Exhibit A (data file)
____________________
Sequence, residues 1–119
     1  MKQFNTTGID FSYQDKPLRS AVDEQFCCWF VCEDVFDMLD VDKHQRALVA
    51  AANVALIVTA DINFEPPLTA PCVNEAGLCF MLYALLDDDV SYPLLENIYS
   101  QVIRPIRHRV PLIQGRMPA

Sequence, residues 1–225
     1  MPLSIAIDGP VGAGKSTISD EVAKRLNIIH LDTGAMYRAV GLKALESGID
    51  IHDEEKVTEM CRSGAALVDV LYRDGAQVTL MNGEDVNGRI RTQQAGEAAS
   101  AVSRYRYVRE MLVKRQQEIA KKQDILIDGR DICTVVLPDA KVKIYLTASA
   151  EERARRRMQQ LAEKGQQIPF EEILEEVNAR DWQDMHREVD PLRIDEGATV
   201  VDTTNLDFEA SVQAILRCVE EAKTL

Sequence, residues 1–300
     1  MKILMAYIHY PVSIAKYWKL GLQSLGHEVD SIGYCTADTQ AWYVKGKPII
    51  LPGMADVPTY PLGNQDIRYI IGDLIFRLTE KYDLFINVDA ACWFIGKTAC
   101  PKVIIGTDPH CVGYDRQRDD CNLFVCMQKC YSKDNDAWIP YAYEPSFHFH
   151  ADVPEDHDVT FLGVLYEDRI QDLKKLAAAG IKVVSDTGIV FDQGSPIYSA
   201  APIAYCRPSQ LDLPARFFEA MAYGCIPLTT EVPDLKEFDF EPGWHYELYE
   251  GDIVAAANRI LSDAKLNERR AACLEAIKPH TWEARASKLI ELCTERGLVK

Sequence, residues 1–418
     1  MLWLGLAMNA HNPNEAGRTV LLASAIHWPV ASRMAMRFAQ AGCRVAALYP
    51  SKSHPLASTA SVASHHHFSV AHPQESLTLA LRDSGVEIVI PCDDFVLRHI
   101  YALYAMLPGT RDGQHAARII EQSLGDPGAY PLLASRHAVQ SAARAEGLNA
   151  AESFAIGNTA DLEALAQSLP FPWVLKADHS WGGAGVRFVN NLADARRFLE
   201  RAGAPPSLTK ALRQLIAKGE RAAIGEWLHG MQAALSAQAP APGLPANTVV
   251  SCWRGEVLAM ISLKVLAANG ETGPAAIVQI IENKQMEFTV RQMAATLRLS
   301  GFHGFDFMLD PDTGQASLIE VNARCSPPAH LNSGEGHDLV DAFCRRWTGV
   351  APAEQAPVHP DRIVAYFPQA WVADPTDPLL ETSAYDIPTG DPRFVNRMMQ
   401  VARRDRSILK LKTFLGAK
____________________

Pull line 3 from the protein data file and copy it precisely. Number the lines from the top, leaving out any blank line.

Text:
    51  AANVALIVTA DINFEPPLTA PCVNEAGLCF MLYALLDDDV SYPLLENIYS